A quarter of a century after the Fall of Saigon, Vietnam continues to exercise a powerful hold of the American psyche. No deployment of American troops abroad is considered without the infusion of the Vietnam question.
No formulation of strategic policy can be completed without weighing the possibility of Vietnamization. Even the politics of a person cannot be discussed without taking into account his/her opinion on the Vietnam War. This obsession with Vietnam is perfectly national when viewed from a far. It is the only war that the United States has ever lost. It defined an era of American history that most rank with the depression as one of this nation's most traumatic events.
(Warren, 1990)The Vietnam War, to me, is one of the most interesting wars in American history. It was once said, "it is like a shroud of a mystery wrapped inside an enigma."(unknown) Vietnam, Red China, and the spread of communism brought fear into the homes of many Americans, due to Red China and Russia tightening their strong hold on Indochina.The frequent media coverage on the poor South Vietnamese people suffering under communist rule aroused both fear and anger in America. Many feared that the "iron hand" of communism would slowly move from Southeast Asia towards the United States.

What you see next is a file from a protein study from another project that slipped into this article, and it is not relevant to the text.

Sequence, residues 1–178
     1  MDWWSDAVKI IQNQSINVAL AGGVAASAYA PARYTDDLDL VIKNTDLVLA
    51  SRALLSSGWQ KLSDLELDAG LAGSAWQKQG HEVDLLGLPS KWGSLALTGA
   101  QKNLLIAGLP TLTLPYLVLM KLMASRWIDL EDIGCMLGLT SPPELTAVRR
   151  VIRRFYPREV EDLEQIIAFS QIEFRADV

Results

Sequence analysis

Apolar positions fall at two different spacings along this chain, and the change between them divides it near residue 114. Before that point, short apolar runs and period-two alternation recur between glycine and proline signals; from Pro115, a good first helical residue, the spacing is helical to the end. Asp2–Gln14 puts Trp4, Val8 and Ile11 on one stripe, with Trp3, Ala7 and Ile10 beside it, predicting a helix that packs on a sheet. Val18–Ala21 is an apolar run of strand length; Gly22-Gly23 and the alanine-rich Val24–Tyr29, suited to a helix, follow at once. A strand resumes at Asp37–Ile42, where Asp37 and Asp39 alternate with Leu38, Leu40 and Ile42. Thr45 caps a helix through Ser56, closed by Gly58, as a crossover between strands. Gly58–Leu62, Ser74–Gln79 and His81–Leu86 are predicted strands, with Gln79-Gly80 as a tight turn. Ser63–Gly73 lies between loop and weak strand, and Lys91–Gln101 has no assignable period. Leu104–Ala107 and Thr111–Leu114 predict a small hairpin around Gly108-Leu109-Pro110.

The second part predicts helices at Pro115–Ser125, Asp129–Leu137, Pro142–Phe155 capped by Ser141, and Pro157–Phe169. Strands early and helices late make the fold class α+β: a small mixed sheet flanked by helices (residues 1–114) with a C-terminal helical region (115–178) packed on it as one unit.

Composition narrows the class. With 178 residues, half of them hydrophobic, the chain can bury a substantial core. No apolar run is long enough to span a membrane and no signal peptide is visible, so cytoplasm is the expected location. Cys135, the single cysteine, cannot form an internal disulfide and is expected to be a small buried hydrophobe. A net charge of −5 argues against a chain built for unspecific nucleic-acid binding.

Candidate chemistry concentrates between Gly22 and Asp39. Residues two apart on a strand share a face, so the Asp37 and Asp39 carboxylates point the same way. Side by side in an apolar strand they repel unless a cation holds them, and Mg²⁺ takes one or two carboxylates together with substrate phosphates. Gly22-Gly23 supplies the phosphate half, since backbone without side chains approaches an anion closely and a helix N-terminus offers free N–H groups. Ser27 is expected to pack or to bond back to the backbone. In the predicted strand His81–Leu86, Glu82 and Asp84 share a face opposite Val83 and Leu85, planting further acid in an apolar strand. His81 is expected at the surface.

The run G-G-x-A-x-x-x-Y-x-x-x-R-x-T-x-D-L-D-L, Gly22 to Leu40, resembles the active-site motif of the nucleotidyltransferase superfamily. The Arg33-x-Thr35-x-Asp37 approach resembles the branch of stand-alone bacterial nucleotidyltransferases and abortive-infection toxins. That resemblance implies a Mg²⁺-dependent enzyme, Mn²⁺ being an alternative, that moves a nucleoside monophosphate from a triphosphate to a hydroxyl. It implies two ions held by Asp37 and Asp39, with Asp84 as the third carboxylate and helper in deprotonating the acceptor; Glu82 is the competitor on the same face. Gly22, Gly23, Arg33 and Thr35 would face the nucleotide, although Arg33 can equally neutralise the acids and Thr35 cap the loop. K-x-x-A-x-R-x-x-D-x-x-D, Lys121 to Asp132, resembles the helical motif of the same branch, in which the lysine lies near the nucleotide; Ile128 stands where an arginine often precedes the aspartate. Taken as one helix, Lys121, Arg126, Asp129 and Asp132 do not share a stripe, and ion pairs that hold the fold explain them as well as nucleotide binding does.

(Sheldon, 1969) Feeling threatened and helpless, many American men volunteered to fight the war in Vietnam. My uncle served in Vietnam for three years.He was one of the many who went to fight the spread of communism, or so he thought.He explained to me why he volunteered to fight with this simple analogy: Being nineteen, naive, and eager to serve my country I volunteered to fight in Vietnam.
I pictured what was happening over there as a killer approaching my house.My house was America.Around the house is a white picket fence and the killer is approaching the fence.I saw this coming and had to protect my family. He asked me i.